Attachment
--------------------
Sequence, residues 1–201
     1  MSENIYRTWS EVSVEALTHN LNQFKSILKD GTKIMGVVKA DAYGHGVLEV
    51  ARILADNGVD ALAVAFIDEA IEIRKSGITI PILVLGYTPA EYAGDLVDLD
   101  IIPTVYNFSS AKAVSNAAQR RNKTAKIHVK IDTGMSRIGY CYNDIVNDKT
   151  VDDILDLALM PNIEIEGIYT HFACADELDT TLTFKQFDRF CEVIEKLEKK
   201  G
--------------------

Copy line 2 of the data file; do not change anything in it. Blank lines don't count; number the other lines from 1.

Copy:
     1  MSENIYRTWS EVSVEALTHN LNQFKSILKD GTKIMGVVKA DAYGHGVLEV